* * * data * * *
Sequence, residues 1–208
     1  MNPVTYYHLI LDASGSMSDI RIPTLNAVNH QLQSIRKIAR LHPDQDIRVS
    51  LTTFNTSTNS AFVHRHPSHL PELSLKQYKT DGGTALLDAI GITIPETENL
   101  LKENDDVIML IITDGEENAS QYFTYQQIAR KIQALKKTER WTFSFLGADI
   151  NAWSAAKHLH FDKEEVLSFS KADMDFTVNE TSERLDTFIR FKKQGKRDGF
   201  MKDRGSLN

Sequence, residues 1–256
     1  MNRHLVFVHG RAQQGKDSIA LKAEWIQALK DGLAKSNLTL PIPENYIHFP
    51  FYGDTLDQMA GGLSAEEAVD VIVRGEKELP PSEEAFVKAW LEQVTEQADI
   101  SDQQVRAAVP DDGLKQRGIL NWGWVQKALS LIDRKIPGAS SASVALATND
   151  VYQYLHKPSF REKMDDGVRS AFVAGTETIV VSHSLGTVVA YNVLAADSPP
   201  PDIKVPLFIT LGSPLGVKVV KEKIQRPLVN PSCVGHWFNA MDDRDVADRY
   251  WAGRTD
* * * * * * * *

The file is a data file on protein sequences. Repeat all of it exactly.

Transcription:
Sequence, residues 1–208
     1  MNPVTYYHLI LDASGSMSDI RIPTLNAVNH QLQSIRKIAR LHPDQDIRVS
    51  LTTFNTSTNS AFVHRHPSHL PELSLKQYKT DGGTALLDAI GITIPETENL
   101  LKENDDVIML IITDGEENAS QYFTYQQIAR KIQALKKTER WTFSFLGADI
   151  NAWSAAKHLH FDKEEVLSFS KADMDFTVNE TSERLDTFIR FKKQGKRDGF
   201  MKDRGSLN

Sequence, residues 1–256
     1  MNRHLVFVHG RAQQGKDSIA LKAEWIQALK DGLAKSNLTL PIPENYIHFP
    51  FYGDTLDQMA GGLSAEEAVD VIVRGEKELP PSEEAFVKAW LEQVTEQADI
   101  SDQQVRAAVP DDGLKQRGIL NWGWVQKALS LIDRKIPGAS SASVALATND
   151  VYQYLHKPSF REKMDDGVRS AFVAGTETIV VSHSLGTVVA YNVLAADSPP
   201  PDIKVPLFIT LGSPLGVKVV KEKIQRPLVN PSCVGHWFNA MDDRDVADRY
   251  WAGRTD